Government, hoteliers and organizers of the inaugural Cayman Islands Classic basketball tournament believe the event has provided a timely boost to tourism just ahead of high season.

More than 1,000 visitors touched down in the territory last week for the eight-team college basketball tournament, won by the Cincinnati Bearcats.

Tourism Minister Moses Kirkconnell said he hoped the classic would become an annual “sports tourism”  event on the Cayman calendar.

He said the estimated economic impact of the tournament was $2 million, based on 1,600 visitors spending an average of $1,200 per person. Mr. Kirkconnell said there were also spin off benefits from the competition, including largely positive media coverage around the U.S. and the potential for the players to become “ambassadors” for Cayman.

Government spent an estimated $8.8 million to build the John Gray High School gym, partially to create a facility that could double as a national indoor arena.

The cost of putting on the event, partially sponsored by government, has not yet been revealed.

Victor O’Garro, president of Caymax Sports Ltd., the company that hosted the three-day tournament, was tight-lipped about how much revenue the event generated.

Spectators watch the Iowa-South Dakota State game.

He said: “It’s not what was spent. The moment, the event, is worth more. This is what I consider sports tourism. When you have over 1,400 guests for five days, that’s a winner. And as time goes on, it’s going to reach a state where we can say we have made a profit.”

According to event organizers,  media from all eight universities covered the event, which was also streamed live on FloHoops and CBS Digital and reports on the tournament were carried in USA Today.

An estimated 5,500 people, including visitors and locals, attended over the course of the three days.

One convert to the charms of the Cayman Islands was Cincinnati Bearcats forward Gary Clark, who was the tournament MVP.

He said, “It was amazing. I love this weather, coming from Cincinnati. And the people, they just made us feel relaxed. From the resort and the kids shooting around, screaming, taking pictures and talking to us.”

He said his favorite thing was the water.

“Every minute I was out there, hiding from the trainers because they were trying to keep us out of the sun.”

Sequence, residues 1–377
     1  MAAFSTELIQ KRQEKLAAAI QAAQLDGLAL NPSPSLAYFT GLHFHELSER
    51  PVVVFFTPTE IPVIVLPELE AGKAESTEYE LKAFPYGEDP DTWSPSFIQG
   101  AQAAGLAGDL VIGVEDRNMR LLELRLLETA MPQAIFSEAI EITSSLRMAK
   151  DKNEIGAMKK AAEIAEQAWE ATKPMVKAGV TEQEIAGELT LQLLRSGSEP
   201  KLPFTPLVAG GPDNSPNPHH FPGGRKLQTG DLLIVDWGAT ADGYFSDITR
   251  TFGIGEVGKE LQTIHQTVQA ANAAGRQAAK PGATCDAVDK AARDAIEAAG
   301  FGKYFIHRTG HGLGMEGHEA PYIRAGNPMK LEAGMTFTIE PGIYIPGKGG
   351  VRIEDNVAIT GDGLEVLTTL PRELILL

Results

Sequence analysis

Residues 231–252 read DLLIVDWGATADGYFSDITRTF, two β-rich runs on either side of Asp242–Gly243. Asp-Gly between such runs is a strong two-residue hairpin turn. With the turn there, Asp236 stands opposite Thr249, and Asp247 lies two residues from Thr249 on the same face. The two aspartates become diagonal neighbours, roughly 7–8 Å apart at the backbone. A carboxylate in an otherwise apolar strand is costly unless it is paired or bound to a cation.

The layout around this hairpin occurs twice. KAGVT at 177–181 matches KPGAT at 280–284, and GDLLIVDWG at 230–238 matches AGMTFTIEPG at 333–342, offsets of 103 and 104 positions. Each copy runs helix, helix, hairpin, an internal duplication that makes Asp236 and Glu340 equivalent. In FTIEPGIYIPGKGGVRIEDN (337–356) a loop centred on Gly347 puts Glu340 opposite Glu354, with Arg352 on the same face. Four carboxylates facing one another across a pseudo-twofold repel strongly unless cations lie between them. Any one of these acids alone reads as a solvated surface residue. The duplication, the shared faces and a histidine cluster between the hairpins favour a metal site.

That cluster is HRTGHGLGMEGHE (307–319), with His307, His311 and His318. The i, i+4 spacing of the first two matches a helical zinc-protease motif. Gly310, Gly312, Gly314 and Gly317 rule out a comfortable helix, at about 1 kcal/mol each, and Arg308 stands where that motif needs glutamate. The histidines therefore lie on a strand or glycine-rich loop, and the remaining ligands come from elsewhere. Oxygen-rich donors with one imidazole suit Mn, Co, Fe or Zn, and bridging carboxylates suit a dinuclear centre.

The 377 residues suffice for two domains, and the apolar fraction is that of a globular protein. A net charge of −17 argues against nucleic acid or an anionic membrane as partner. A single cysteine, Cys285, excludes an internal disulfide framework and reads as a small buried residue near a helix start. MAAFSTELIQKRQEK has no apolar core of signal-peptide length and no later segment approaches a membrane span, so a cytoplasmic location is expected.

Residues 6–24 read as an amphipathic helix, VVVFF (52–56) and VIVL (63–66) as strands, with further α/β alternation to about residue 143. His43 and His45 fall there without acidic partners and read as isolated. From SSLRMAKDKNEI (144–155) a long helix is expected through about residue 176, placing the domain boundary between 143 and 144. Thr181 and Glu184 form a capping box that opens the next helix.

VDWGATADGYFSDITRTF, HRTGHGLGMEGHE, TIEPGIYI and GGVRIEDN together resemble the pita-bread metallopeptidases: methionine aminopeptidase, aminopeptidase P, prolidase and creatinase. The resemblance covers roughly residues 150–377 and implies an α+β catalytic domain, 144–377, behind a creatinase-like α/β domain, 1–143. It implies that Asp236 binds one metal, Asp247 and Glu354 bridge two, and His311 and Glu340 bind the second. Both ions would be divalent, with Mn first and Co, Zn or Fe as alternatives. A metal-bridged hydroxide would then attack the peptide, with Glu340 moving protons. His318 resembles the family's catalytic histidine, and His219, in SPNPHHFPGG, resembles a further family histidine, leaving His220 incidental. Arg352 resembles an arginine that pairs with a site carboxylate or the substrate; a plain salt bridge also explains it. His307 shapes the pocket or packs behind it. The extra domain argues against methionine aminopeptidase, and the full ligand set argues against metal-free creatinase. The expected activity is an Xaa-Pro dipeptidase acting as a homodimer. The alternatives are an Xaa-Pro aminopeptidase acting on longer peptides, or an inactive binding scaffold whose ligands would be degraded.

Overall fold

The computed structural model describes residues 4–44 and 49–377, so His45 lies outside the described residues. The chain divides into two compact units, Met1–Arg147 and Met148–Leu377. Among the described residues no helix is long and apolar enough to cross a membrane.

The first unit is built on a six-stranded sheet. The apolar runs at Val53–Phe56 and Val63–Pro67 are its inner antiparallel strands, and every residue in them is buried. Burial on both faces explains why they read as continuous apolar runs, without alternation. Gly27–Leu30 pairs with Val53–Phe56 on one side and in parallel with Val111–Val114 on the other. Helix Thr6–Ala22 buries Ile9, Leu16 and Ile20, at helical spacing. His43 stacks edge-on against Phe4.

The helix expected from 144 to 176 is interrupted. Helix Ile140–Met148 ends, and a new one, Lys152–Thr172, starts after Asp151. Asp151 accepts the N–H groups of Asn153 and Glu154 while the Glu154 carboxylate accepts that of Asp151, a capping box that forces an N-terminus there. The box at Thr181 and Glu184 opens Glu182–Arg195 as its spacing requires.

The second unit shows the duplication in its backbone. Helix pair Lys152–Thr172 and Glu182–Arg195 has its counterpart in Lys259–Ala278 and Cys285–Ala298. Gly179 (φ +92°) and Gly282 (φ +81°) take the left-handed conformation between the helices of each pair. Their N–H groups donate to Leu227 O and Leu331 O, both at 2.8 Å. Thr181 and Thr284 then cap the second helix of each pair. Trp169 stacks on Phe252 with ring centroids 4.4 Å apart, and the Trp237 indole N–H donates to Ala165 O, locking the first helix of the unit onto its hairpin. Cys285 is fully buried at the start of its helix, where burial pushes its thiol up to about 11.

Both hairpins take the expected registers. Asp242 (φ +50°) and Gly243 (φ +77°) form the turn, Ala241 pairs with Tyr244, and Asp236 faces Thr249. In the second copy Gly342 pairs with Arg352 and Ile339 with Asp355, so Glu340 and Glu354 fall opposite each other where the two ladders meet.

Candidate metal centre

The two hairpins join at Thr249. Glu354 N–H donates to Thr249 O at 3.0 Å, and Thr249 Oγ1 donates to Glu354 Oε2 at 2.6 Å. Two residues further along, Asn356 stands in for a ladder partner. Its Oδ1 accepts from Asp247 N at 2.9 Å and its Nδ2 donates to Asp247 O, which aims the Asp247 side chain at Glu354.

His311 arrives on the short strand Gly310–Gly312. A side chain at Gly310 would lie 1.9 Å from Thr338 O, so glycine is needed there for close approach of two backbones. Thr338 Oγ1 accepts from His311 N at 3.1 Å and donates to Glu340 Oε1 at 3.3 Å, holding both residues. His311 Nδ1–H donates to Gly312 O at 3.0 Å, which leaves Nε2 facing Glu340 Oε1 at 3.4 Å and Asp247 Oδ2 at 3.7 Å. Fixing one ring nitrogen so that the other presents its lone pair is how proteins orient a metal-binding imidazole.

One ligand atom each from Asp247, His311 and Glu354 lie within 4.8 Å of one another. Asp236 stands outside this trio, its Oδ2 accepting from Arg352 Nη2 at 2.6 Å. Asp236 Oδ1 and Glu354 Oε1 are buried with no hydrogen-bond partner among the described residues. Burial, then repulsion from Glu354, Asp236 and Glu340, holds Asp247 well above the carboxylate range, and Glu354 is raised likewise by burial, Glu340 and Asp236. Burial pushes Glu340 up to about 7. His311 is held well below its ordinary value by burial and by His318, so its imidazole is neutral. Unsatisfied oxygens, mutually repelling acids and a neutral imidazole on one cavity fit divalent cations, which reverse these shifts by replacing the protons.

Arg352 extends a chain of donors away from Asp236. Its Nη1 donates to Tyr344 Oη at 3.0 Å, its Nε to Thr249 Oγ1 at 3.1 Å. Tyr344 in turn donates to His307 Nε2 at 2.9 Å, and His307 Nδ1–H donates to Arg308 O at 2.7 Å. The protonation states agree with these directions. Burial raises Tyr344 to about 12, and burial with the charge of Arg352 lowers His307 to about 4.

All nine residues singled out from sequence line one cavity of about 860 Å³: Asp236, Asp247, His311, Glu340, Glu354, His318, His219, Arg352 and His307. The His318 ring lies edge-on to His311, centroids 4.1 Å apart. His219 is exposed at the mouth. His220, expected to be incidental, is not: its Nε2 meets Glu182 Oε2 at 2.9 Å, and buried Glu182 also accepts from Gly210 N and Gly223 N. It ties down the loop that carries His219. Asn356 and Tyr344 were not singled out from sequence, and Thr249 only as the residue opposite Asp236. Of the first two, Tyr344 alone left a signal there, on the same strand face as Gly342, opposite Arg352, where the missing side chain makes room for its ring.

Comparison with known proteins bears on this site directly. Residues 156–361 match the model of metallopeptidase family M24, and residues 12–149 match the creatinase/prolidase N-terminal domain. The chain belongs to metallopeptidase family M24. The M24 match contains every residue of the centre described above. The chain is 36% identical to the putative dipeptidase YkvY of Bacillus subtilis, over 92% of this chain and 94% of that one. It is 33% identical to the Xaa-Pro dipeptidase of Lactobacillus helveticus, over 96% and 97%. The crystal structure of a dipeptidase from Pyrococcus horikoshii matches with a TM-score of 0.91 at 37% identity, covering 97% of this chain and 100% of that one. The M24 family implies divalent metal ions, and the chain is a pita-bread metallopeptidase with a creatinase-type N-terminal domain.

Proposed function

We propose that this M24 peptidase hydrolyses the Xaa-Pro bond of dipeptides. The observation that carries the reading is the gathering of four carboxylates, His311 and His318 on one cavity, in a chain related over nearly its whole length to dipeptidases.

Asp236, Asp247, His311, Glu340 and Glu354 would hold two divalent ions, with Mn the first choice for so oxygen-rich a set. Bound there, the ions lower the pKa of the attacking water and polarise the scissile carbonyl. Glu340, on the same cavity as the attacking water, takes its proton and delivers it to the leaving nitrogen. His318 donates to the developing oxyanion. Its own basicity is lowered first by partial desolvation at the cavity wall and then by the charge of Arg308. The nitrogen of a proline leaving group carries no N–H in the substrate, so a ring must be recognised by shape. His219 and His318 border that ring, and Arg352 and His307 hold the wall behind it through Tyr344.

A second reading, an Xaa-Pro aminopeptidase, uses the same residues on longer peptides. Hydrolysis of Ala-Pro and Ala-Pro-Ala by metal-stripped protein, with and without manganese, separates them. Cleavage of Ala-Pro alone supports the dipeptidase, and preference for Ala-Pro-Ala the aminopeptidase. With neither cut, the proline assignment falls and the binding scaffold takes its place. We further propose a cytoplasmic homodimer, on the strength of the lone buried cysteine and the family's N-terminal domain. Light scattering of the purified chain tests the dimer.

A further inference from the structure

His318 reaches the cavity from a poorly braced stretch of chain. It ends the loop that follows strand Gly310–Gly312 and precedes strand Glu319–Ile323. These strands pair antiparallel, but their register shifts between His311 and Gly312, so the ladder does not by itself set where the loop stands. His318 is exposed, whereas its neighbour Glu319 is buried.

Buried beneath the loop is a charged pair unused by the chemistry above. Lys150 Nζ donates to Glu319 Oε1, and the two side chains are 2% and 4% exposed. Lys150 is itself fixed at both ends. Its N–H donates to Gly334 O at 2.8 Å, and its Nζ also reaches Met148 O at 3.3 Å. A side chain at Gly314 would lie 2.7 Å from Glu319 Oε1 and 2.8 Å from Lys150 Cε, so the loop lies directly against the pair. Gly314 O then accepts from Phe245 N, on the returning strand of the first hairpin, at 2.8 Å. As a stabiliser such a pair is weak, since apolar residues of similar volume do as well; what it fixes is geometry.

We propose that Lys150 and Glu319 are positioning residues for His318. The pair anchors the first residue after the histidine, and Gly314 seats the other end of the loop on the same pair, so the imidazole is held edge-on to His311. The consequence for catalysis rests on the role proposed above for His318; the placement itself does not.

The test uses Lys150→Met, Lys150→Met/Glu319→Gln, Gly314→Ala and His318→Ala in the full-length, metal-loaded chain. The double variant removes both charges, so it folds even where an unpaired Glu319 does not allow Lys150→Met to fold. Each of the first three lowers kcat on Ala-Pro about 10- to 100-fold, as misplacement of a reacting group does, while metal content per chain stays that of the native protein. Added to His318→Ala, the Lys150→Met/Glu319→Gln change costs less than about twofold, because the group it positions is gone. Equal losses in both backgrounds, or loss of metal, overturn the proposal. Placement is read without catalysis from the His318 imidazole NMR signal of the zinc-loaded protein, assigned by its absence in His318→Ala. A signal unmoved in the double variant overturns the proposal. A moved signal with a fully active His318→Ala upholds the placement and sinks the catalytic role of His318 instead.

Roishene Johnson, the wife of Louisiana Ragin’ Cajuns assistant coach Kevin Johnson, said her experience here has been great: “It’s beautiful. The people are so nice. We went to the Turtle Farm and the people there have been so welcoming.”

Steven Andre, manager of the Kimpton Seafire said he hoped the classic could become an annual event.

“Seafire was very fortunate to host two of the teams for the Cayman Island Classic basketball tournament this year, and we saw a spike in travel through the alumni organizations of both amazing institutions. We have certainly seen a number of loyal fans come to support their teams in Grand Cayman – great basketball with exceptional beaches, what could be better?

“Grand Cayman is a great location for these type of events and once we show we can do one, others will soon follow.”

Mr. Kirkconnell said sports tourism was part of government’s strategy to keep visitor numbers up during off season.

“This event showcases the fact that the Cayman Islands offers a balance between first rate facilities and world class leisure activities, augmenting our islands standing as preferred sports tourism destination,” he claimed.

It wasn’t all positive publicity for Cayman however. One university blog, Oh Varisty, described the tournament as a “dumpster fire” complaining about the quality of the live coverage, the outdoor changing areas, occasional scoreboard mix-ups and the fact that interviews were conducted in a laundry room.

That did not seem to be a broadly held opinion, however, with most of the teams, players and coaches praising the tournament and the majority of the media coverage focused on the on-court action.

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